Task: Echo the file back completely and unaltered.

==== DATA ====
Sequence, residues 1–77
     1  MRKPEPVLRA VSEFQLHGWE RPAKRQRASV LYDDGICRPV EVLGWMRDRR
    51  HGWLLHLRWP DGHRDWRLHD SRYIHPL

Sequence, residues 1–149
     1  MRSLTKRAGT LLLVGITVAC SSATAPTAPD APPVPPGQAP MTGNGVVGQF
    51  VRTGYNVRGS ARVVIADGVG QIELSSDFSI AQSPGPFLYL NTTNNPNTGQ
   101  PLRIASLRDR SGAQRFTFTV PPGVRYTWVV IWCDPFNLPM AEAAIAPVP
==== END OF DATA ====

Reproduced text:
Sequence, residues 1–77
     1  MRKPEPVLRA VSEFQLHGWE RPAKRQRASV LYDDGICRPV EVLGWMRDRR
    51  HGWLLHLRWP DGHRDWRLHD SRYIHPL

Sequence, residues 1–149
     1  MRSLTKRAGT LLLVGITVAC SSATAPTAPD APPVPPGQAP MTGNGVVGQF
    51  VRTGYNVRGS ARVVIADGVG QIELSSDFSI AQSPGPFLYL NTTNNPNTGQ
   101  PLRIASLRDR SGAQRFTFTV PPGVRYTWVV IWCDPFNLPM AEAAIAPVP